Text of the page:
About a fortnight ago, Mrs. Williams alerted me to an episode of Oprah Winfrey’s show titled “Inside the Lives of People Living on Minimum Wage.” After a few minutes of watching, I turned it off, not because of the heartrending tales but because most of what was being said was dead wrong.
Let’s look at it.
The show claims that 30 million Americans earn the minimum wage of $5 an hour. Actually, the federal minimum wage is $5.15 an hour, and 17 states mandate a higher minimum wage that approaches $7 an hour. At one point, Oprah did manage to clear up this aspect of the show’s errors.
The U.S. Department of Labor reports: “According to Current Population Survey estimates for 2004, some 73.9 million American workers were paid at hourly rates, representing 59.8 percent of all wage and salary workers. Of those paid by the hour, 520,000 were reported as earning exactly $5.15.”
Workers earning the minimum wage or less tend to be young, single workers between the ages of 16 and 25. Only about two percent of workers over 25 years of age earn minimum wages.
According to the U.S. Bureau of Labor Statistics: Sixty-three percent of minimum wage workers receive raises within one year of employment, and only 15 percent still earn the minimum wage after three years. Furthermore, only 5.3 percent of minimum wage earners are from households below the official poverty line; forty percent of minimum wage earners live in households with incomes $60,000 and higher; and, over 82 percent of minimum wage earners do not have dependents.
The U.S. Department of Labor also reports that the “proportion of hourly-paid workers earning the prevailing Federal minimum wage or less has trended downward since 1979.”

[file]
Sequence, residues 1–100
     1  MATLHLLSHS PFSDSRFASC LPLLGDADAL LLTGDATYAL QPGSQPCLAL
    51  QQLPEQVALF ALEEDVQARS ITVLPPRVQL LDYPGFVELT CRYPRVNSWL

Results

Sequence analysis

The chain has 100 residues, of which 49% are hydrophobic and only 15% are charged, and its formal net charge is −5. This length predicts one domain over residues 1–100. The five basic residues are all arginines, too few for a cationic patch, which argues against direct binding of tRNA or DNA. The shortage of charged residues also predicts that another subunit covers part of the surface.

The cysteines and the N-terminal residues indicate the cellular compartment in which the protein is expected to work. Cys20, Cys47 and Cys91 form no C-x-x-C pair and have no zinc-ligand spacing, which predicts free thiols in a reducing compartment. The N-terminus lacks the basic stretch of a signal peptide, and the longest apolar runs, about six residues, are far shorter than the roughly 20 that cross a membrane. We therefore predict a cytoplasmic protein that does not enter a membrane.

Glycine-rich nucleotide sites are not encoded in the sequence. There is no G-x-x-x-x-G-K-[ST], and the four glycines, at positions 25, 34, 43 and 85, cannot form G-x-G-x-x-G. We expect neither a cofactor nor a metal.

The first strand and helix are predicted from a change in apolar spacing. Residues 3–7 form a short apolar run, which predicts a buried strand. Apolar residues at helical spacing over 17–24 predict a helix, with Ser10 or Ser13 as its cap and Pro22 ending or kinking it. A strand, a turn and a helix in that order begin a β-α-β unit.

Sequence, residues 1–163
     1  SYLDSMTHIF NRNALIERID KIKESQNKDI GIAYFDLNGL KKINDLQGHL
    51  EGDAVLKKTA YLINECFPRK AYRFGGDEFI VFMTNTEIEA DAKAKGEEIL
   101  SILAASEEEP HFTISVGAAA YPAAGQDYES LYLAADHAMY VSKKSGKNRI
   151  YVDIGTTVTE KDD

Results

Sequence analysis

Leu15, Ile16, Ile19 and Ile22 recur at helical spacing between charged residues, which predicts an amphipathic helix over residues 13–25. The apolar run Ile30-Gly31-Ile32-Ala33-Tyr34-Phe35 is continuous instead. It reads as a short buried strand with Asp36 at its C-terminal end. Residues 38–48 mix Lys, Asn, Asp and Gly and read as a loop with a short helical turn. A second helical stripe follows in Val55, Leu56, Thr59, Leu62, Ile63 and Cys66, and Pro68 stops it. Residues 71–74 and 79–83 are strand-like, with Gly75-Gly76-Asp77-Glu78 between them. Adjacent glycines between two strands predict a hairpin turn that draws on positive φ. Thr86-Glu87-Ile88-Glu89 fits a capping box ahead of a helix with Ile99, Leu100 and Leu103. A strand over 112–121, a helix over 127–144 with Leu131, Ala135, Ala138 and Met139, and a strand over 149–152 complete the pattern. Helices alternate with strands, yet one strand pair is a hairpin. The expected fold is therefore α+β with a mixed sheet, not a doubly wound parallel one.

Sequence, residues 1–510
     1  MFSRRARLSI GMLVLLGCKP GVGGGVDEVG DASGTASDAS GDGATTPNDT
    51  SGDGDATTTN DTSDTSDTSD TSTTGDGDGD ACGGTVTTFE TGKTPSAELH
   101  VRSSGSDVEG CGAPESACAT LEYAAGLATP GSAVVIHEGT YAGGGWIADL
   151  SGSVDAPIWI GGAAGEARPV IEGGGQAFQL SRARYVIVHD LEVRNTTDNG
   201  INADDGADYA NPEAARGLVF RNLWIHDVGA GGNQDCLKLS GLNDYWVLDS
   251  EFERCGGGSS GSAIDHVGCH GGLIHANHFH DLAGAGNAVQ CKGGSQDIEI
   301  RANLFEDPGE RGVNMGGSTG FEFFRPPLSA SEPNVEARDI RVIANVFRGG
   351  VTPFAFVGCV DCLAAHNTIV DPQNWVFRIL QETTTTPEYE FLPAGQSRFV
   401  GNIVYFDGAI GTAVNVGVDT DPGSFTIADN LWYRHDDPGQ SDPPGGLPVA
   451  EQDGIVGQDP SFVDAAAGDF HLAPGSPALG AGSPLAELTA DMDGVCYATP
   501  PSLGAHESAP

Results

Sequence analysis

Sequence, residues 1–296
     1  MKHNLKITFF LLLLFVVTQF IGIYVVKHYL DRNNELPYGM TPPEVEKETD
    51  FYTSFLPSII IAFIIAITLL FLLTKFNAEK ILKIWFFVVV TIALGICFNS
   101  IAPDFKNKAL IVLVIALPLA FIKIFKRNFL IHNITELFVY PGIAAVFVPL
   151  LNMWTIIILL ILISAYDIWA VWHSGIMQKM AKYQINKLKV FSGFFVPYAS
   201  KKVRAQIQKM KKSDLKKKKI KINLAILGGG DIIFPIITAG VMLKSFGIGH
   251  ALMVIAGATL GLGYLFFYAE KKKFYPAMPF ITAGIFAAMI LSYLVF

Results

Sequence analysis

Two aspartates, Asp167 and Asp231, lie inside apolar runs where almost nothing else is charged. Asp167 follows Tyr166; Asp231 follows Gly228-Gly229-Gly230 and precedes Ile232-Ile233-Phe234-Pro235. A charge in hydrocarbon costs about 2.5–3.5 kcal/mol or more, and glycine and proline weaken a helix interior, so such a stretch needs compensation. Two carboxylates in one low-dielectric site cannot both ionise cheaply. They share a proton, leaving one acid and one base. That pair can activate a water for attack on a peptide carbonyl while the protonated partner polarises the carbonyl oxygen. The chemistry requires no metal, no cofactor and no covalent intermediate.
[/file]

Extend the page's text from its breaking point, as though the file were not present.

Another issue that’s not often taken into consideration is there’s a difference between what a worker takes home in pay and his total compensation. Employers must pay for legally required worker benefits that include Social Security, Medicare, unemployment insurance, workers’ compensation, health and disability insurance benefits, and whatever paid leave benefits they offer, such as vacations, holidays and sick leave. It’s tempting to think of higher minimum wages as an anti-poverty weapon, but such an idea doesn’t even pass the smell test. After all, if higher minimum wages could cure poverty, we could easily end worldwide poverty simply by telling poor nations to legislate higher minimum wages.
Poor people are not poor because of low wages. For the most part, they’re poor because of low productivity, and wages are connected to productivity. The effect of minimum wages is that of causing unemployment among low-skilled workers. If an employer must pay $5.15 an hour, plus mandated fringes that might bring the employment cost of a worker to $7 an hour, does it pay him to hire a person who is so unfortunate as to have skills that permit him to produce only $4 worth of value per hour? Most employers would view hiring such a person as a losing economic proposition.
Two important surveys of academic economists were reported in two issues of the American Economic Review, May 1979 and May 1992. In one survey, 90 percent, and in the other 80 percent, of economists agreed that increasing the minimum wage causes unemployment among youth and low-skilled workers.
Minimum wages can have a more insidious effect. In research for my book “South Africa’s War Against Capitalism” (1989), I found that during South Africa’s apartheid era, racist unions, who’d never admit blacks, were the major supporters of higher minimum wages for blacks.
Gert Beetge, secretary of South Africa’s avowedly racist Building Worker’s Union, in response to contractors hiring black workers, said, “There is no job reservation left in the building industry, and in the circumstances I support the rate-for-the-job [minimum wages] as the second best way of protecting our white artisans.” Racists recognized the discriminatory effects of mandated minimum wages.
I’m trying to figure whether ineptitude explains the errors in Oprah’s show or a deliberate attempt to mislead.